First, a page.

Congratulations, you've almost made it through the week. Tough it out a little longer and check out this handy guide to everything that's worth knowing about in nightlife. You want dance music? There's plenty of options to choose from: Bulgarian acid house, new-school Balearica, and even real-deal Italian disco. Trust us, you're going to have a good time. Read on -- your weekend awaits.
9 p.m. Saturday, April 12. $20
Sound Factory, Red Zone, Palladium, Shelter: These are the names of the institutions that dominated the New York house scene in the 1990s. The music played was tough and soulful -- a gritty urban sound for a city whose edge had yet to dull. Today, the pull of the music from that era has proven irresistible. London duo Bicep is part of a new generation of artists, predominantly based in Europe and the U.K., fueling a revival of this banging regional sound. Yet "retro house," as it's sometimes called, is not without its controversies. A cursory scan of online forums and comment sections reveals a common thread of criticism from the peanut gallery: This stuff has been done before, why bother doing it again? The answer, of course, is that this kind of music is extremely fun to dance to.
Andrew Ferguson and Matthew McBriar have been stewards of underground house music for quite a long time. Their blog, Feelmybicep.com, is a resource of rare vinyl rips and MP3 finds that shows off a wealth of knowledge on all forms of American dance music, despite their having grown up halfway around the world in Belfast, Northern Ireland. Their music pulls liberally from this knowledge, and assembles a sound that's more than a purist's revival. Though their tracks often sound period-accurate, there's also a distinctly modern bite that comes out behind the old-school swing and vintage hardware. "$tripper" and "Vision of Love," their two most successful dancefloor anthems to date, take the driving, instrumental template established by old-school heroes like Kerri Chandler and Jovonn, and update it with new-school song structure and a clean production aesthetic. But these songs still hit hard on the dancefloor, with wailing diva samples careening over skipping percussion and moody organ hits; their tracks are pure pleasure when played loud on a big club sound system.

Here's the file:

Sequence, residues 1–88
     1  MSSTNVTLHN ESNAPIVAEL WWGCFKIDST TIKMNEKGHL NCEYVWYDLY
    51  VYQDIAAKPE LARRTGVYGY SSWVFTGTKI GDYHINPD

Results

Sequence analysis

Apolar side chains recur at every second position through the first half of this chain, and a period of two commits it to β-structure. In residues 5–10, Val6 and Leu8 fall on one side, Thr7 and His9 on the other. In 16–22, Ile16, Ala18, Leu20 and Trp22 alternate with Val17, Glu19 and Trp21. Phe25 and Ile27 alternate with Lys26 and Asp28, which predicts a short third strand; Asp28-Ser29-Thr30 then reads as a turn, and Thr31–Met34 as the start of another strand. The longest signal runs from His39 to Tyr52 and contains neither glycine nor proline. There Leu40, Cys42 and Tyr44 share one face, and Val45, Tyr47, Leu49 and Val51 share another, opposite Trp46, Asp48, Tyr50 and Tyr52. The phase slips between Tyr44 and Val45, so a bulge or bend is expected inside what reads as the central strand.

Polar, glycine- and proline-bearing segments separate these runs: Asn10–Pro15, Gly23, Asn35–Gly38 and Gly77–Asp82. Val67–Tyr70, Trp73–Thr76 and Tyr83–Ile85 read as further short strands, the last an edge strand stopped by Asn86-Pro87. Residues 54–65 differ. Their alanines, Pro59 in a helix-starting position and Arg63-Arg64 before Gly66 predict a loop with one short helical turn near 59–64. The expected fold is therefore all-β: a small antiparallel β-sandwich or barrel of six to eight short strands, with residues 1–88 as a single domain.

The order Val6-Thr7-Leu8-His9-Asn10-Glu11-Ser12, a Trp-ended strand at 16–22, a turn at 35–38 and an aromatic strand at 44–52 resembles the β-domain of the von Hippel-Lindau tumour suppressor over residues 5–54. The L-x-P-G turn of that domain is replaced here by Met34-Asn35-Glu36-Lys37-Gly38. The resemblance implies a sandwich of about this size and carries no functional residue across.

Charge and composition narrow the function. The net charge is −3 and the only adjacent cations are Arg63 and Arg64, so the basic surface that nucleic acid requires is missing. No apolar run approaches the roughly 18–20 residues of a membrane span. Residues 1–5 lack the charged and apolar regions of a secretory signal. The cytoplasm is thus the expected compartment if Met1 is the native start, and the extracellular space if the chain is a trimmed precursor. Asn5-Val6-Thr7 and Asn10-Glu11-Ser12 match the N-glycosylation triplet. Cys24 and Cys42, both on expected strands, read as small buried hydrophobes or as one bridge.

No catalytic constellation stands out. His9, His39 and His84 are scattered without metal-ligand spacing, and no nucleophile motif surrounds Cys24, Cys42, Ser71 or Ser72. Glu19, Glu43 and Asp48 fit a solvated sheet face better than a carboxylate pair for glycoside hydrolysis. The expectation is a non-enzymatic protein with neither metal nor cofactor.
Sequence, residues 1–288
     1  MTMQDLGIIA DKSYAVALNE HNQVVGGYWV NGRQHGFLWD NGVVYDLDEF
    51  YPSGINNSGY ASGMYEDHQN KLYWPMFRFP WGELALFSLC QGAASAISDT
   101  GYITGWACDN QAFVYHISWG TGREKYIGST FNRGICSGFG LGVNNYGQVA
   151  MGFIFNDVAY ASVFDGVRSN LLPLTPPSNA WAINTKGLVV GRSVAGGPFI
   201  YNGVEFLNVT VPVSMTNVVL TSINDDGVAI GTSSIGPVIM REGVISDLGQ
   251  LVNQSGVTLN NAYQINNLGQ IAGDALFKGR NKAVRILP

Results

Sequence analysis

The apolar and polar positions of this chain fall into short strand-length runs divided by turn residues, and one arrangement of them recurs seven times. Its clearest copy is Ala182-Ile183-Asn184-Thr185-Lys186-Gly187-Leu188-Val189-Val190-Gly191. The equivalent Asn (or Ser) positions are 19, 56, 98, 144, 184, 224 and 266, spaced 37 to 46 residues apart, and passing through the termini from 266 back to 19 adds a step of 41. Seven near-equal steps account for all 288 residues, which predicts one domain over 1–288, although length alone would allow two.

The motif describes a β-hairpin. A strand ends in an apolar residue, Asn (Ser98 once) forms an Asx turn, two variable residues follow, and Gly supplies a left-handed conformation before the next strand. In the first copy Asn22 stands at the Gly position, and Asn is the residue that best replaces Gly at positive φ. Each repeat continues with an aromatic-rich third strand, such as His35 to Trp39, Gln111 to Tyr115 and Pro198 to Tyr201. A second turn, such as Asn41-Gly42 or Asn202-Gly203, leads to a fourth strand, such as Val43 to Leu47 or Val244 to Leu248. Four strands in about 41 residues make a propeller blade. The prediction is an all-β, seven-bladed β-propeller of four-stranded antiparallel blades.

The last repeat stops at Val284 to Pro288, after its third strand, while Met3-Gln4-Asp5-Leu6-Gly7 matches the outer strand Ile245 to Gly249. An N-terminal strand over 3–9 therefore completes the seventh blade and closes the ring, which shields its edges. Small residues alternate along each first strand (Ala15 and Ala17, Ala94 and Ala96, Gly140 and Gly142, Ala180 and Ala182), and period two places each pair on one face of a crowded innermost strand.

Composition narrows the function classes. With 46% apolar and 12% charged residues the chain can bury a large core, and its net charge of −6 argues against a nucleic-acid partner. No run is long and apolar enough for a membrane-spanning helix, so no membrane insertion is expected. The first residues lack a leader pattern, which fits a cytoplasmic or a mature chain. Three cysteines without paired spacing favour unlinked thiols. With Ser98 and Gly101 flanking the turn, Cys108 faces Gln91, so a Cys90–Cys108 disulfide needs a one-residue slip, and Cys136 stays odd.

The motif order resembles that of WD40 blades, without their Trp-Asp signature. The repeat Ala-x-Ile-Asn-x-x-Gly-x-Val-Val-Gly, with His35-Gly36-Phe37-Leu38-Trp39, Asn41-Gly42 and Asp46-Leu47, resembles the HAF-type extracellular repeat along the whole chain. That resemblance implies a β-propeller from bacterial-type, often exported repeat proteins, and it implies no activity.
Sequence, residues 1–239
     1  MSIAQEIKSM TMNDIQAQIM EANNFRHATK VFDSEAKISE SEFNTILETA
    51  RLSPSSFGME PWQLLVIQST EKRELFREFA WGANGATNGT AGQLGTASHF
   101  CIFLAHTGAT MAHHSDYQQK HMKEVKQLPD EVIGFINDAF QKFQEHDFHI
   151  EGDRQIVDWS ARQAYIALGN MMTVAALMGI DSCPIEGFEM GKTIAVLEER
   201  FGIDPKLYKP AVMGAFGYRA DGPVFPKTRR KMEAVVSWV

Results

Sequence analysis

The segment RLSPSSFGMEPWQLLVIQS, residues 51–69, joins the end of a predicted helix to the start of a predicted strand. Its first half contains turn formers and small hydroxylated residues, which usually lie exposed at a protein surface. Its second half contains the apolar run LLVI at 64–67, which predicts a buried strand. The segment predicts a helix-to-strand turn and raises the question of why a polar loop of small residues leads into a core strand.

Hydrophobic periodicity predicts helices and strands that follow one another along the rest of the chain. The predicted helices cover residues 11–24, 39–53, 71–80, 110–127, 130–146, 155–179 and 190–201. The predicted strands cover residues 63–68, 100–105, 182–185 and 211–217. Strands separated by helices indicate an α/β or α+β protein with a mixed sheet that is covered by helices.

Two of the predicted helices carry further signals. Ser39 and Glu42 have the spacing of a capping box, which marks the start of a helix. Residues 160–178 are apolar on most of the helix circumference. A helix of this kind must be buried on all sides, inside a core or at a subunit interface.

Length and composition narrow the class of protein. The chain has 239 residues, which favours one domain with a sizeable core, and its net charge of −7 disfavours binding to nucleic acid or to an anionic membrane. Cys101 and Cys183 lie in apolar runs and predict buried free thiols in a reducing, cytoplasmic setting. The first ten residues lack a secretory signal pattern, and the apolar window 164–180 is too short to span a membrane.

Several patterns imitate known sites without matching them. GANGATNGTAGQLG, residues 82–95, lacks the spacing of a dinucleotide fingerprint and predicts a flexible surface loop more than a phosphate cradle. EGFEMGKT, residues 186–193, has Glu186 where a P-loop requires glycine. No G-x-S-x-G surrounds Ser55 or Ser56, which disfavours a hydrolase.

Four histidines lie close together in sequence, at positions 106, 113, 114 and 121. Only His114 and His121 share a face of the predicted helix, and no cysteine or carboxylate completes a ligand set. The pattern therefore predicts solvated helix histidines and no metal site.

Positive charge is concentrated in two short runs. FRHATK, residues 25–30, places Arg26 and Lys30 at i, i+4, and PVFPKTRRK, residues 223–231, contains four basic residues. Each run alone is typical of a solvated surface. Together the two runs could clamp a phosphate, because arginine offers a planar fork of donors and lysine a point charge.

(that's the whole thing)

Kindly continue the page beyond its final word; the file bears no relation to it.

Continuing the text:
Recently, Bicep's work has taken on an even more modern edge, reflecting the artists' desire to escape pigeonholing. "Sacrifice," a cut released last year in tandem with U.K. house outfit Simian Mobile Disco, is the duo's most contemporary yet. It slyly combines the percussion of old-school New York with a spaced-out bass line hook and expansive synthesizer sounds that introduce a surprisingly techno-leaning sound to Bicep's house-oriented core. It's a direction that's long been in the making, and one that shows there's still plenty of things to say with that old New York sound palette. Expect Bicep to explore this direction, along with plenty of New York obscurities and favorites, when the duo soundtracks the latest As You Like It at Mighty alongside Chicago veteran Derrick Carter.
9 p.m. Thursday, April 10. $10-$15
Vito de Luca has come a long way since his debut as Aeroplane in the mid-'00s. Back then he made breezy house tunes, like "Pacific Air Race," that seemed tailor-made for the beach-side party culture of '80s Ibiza. Nowadays, however, he's fast-forwarded his sound to the bombastic present, with big club remixes that are more in line with the spectacle of the Spanish island today.
9:30 p.m. Friday, April 11. $20-$30
There's something about New York house music -- it just has its own sound. These days, Dennis Ferrer is one of the city's primary movers. His releases, like "The Red Room" and "Hey Hey," mix techno precision with house music's gospel roots. The result is a sound that's big-room ready (he's been nominated for a Grammy) but also deep enough for the heads.
9:30 p.m. Friday, April 11. $10-$15
Believe it or not, Bulgarian acid house is actually a thing. Strahil Velchev (aka KiNK) is a producer of vicious bass line-led dance music that recalls that moment in the late '80s when the Roland TB-303 bass synthesizer birthed the first rave generation. He's not a DJ, and he doesn't use with walls of hardware onstage; instead, he stretches the limits of digital playing with high-octane sets played via MIDI and laptop. Check out his Boiler Room.
10 p.m. Saturday, April 12. $10-$20
Though Alexander Robotnick's "Problèmes D'Amour" came at the tail end of the disco years, it's still one of the most influential early Italian dance records. The shifting synth bass line and bizarre vocals made it a hit on underground dancefloors, and DJs like Larry Levan in New York and Ron Hardy in Chicago used it to bridge the gap between the death of disco and the birth of house. Pay your respects at his DJ set this Saturday.